?Neo Fighters: The Fire Knight? is The Le Games? latest entry in their Neo Class line, and as the title suggests, writers Christopher Sniezak and The Le present a variant fighter class called the fire knight, a warrior who?s mastered the fiery passion within and has learned to project it in a variety of offensive and defensive ways.

This download includes two versions of ?Neo Fighters: The Fire Knight? ? a landscape version of the .pdf and a printer-friendly version. For the most part, the printer-friendly version of this supplement was used for purposes of this review.

The fire knight is a 20-level playable class designed for the PC in mind (although there is enough descriptive material, or ?fluff,? to inspire DMs when it comes to creating interesting NPCs). This is a variant fighter class; the writers don?t forget this with the base attack bonus and saving throw progression. But instead of picking up a new bonus feat every other level, the fire knight earns some very specific class abilities.

From the start, the fire knight gains fire resistance (he or she starts with fire resistance equal to his or her level, but at 12th level, the resistance equals the fire knight level?s x one-and-a-half). At second level, the fire knight bonds with a chosen weapon, using the ?soul sword? class ability. As the fire knight progresses in level, the abilities tied into the soul sword increase, starting with gaining a bonus to Search checks and moving up to being able to cast ?scorching ray? through the weapon. Eventually, the fire knight?s bonded weapon becomes a ?flaming burst weapon? and can even fire fireballs.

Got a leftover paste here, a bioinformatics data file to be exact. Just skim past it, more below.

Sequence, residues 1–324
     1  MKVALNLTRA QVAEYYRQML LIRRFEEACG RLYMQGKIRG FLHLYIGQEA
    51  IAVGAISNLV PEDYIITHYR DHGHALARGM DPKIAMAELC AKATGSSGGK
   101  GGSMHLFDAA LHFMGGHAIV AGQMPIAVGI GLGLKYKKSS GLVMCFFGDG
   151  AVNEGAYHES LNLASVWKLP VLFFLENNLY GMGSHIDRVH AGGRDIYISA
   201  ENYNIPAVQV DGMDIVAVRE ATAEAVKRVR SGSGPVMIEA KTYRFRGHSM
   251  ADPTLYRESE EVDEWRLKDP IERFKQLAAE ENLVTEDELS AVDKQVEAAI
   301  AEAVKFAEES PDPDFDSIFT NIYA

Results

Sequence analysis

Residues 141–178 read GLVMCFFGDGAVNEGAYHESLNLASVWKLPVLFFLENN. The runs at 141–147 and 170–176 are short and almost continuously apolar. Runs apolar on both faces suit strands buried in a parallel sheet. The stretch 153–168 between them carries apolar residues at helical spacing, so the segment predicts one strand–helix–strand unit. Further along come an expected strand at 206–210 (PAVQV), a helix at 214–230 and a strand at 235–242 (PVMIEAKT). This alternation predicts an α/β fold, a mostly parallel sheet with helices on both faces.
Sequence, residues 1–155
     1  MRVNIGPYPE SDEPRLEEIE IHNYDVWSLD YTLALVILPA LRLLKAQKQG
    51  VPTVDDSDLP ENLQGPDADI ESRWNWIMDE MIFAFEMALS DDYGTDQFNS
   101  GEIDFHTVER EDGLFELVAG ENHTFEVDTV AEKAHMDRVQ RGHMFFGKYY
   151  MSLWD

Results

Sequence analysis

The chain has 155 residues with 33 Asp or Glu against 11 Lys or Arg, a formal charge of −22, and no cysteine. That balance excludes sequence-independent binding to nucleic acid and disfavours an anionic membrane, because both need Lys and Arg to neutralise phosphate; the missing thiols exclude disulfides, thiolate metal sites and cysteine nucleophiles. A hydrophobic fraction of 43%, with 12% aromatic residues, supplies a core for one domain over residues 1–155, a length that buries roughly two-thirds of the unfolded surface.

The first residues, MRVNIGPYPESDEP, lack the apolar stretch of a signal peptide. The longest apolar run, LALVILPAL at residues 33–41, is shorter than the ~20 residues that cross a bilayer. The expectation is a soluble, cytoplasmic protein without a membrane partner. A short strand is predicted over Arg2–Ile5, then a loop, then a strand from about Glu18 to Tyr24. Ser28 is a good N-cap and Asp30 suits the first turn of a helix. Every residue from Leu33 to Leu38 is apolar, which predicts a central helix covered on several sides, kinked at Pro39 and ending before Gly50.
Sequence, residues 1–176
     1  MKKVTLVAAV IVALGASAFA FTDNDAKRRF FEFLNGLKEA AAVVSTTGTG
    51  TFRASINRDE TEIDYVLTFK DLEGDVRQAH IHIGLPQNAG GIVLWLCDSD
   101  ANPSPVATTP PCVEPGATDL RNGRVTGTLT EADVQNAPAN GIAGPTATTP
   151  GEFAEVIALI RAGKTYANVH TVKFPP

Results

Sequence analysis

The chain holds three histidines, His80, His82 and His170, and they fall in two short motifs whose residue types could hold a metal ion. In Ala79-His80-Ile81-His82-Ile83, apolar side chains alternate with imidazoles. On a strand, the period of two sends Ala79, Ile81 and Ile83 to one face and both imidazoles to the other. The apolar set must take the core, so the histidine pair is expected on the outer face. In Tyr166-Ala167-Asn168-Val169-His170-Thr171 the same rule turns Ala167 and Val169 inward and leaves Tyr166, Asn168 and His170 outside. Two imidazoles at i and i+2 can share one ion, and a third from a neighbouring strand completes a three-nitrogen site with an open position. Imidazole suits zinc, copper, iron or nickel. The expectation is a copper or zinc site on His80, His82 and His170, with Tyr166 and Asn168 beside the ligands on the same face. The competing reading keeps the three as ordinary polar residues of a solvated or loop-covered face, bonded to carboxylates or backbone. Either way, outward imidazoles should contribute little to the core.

Eventually, once the fire knight reaches his or her 20th level, he or she can cause an opponent?s blood to boil over and instantaneously combust, causing 10d10 points of fire damage. (This class ability rightly belongs at the 20th level mark.)

This is a well-balanced class, and while it doesn?t introduce any tweaks or additions to the core D&D game mechanics like some of the other Neo Class products, ?Neo Fighters: The Fire Knight? presents an interesting class nonetheless, and definitely deserves a look. There are a few minor grammatical and typographical errors in the document itself, but the supplement is still instantly easy to use and even incorporate into your existing game. <br><br> <b>LIKED</b>: This is a solid product, and the descriptive text for the fire knight (pun intended) sparks more than a few ideas for interesting PCs and NPCs.<br><br><b>DISLIKED</b>: There are a few typograchical errors throughout the document, but perhaps the most off-putting element of this document is the first page of the printer-friendly version of the supplement; it is a near-full-page ad for Politically Incorrect Games' Disposable Heroes Paper Minis. If you're not careful where you click on this page, your internet browser will be hijacked and you'll be taken to Politically Incorrect Games' website. This was quite frustrating.<br><br><b>QUALITY</b>: Very Good<br><br><b>VALUE</b>: Very Satisfied<br>